While he will always be far better known for his efforts in front of the camera than those behind it, Jack Nicholson's film career has also seen him in the roles of writer, director and producer.
Nicholson began writing screenplays during his early days of acting in low-budget films, his first script to be produced being Thunder Island (1963), a thriller about an attempted assassination of the deposed dictator of a small Central American island. He also wrote and directed several scenes for Roger Corman's cobbled-together quickie, The Terror (as did virtually everyone else involved with the production).
In 1964, Nicholson collaborated with director Monte Hellman on two films in the Philippines, Flight To Fury and Back Door To Hell, acting in both and co-writing Flight To Fury.
This collaboration continued with Nicholson and Hellman forming their own production companies to make the 'existential Westerns', Ride in the Whirlwind and The Shooting. Jack appeared in and co-produced both films, as well as writing the screenplay for Ride in the Whirlwind. The films were a modest hit on the European festival circuit, where Nicholson was able to sell the distribution rights for several European markets himself. It was several years, however, before they would find distribution in the United States, where they were met with indifference, although they have become cult classics in more recent years.
Nicholson's next script was The Trip, in which he had written a role for himself, but Roger Corman had other ideas, giving the part to Bruce Dern instead. He was disappointed with being left out of the cast, but it was at this time that Jack formed friendships with cast members Peter Fonda and Dennis Hopper, his later co-stars in Easy Rider.
Following The Trip, Nicholson wrote the original screenplay for Psych-Out, which, after being rejected by American International Pictures, was almost completely rewritten by director Richard Rush for the film Jack would eventually appear in.
Things were about to look up, however. Around 1967, Jack had become friends with Bob Rafelson, who, along with Bert Schneider, had created the rock band and television show The Monkees. Rafelson and Schneider hired Nicholson to write the screenplay for Head, a psychedelic feature film about the band. While the film was not a commercial success, it was the beginning of a collaboration between Nicholson and the founders of what would become the legendary New Hollywood production company BBS, the makers of Easy Rider, The Last Picture Show and Five Easy Pieces.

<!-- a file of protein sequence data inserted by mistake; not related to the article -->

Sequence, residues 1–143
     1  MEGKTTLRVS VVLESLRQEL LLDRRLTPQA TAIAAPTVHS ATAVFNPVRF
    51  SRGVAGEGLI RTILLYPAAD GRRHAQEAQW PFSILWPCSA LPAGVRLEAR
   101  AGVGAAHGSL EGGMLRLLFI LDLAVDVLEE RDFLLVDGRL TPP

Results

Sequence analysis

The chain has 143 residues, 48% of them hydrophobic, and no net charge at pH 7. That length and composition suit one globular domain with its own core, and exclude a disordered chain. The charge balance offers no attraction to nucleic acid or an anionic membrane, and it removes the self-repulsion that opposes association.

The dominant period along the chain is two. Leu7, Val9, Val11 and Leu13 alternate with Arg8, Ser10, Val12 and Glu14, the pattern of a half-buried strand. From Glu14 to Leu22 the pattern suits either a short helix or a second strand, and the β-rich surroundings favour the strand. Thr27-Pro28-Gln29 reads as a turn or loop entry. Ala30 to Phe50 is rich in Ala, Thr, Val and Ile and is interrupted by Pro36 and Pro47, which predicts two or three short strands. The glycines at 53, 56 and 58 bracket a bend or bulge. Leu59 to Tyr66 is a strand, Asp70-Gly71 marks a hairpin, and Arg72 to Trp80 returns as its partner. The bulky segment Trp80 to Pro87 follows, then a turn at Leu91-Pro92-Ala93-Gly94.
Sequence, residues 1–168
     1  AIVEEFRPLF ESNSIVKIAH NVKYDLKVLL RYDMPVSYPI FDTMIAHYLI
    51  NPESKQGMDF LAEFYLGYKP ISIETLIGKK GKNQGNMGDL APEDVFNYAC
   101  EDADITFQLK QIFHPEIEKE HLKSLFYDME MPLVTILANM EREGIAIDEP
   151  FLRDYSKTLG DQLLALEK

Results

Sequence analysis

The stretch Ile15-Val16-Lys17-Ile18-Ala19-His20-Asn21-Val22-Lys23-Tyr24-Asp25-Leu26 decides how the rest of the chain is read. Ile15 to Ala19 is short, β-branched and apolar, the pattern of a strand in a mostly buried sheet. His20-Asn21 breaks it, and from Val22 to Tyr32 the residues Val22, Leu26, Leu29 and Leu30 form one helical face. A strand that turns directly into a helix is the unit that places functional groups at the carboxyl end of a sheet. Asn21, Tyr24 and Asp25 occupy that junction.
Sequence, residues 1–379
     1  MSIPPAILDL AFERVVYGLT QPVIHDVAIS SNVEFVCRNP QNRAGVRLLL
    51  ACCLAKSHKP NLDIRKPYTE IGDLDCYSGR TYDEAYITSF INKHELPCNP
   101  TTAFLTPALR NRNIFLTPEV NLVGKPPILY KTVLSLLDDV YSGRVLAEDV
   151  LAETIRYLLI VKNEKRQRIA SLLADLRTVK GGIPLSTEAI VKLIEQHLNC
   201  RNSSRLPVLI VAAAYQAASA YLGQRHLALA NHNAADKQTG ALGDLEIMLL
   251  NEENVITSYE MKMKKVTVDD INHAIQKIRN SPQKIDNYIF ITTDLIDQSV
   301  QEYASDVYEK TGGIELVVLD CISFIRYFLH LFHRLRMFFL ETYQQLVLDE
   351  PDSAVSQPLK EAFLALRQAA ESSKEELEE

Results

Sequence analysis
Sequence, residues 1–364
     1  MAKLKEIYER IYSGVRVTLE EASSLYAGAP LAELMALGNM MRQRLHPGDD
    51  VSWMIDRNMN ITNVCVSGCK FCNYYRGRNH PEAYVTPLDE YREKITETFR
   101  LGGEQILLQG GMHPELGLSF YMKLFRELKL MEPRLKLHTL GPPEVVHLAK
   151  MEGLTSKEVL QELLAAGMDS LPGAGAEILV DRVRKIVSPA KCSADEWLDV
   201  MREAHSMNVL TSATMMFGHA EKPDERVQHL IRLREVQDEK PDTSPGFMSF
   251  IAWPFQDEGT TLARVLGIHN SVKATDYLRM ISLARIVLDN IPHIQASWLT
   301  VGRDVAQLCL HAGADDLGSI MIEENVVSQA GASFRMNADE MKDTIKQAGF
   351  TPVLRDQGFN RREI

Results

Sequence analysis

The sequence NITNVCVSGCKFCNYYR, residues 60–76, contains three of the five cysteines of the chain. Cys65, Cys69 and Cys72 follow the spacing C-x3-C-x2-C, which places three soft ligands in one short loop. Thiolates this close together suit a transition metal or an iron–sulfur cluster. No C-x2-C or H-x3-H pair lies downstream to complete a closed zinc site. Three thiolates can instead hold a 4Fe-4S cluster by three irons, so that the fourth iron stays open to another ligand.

In the wake of the success of Easy Rider, the filming of Five Easy Pieces and the beginning of his rise to stardom, Jack embarked on his directorial debut, Drive, He Said, an adaptation of the 1964 novel by Jeremy Larner, with whom he wrote the screenplay, along with some uncredited assistance from Terrence Malick and Robert Towne, who also played one of the lead roles. After an exhausting production, made worse by union troubles, the film then immediately fell afoul of the censors for its strong language, nudity and frank depictions of sex. Following a poor reception at the Cannes Film Festival in 1971, Drive, He Said opened to mixed reviews in the United States and quickly disappeared from theatres.
Throughout the rest of the 1970s, Nicholson would work on developing a number of potential directing projects, including Frank Herbert's Dune, a Howard Hughes biopic and an adaptation of the novel Lie Down in Darkness.
His pet project was Moontrap, a "mystical Western" based on Don Berry's 1971 novel about frontier life in 1850s Oregon. The film was announced in Variety in September 1973. Nicholson wrote the screenplay himself with the intention of directing, and spent several years attempting to get it off the ground, with Marlon Brando, George C Scott and Lee Marvin attached at various stages. However, none of the studios or any independent financiers were interested unless Jack starred in it, and although he continued to option the book into the next decade, the film has gone unmade to this day.
Despite the continual rejection of Moontrap, Nicholson remained determined to pursue his directorial ambitions, and so in 1977 he directed and starred in the Western comedy Goin' South, surrounding himself with close friends and associates. Unfortunately, after a shoot made all that more difficult by the crazed antics of John Belushi (making his feature film debut), Goin' South was released in 1978 to hostile reviews and box office failure. Critics savaged Jack's over-the-top performance, and it was eleven years before he took the reins on another film, with the resurrected production of The Two Jakes.
In 1991, Jack financed and produced Blue Champagne, a drama described as "a story of revenge and hate and the power of women", starring his daughter Jennifer, his girlfriend Rebecca Broussard, and Jonathan Silverman. After making the rounds of several festivals, it failed to gain a theatrical release and was quickly forgotten (it remains unavailable on home video today).
Although as late as 1998 he was still talking about eventually directing Moontrap, Jack Nicholson has yet to return to a filmmaking role behind the camera.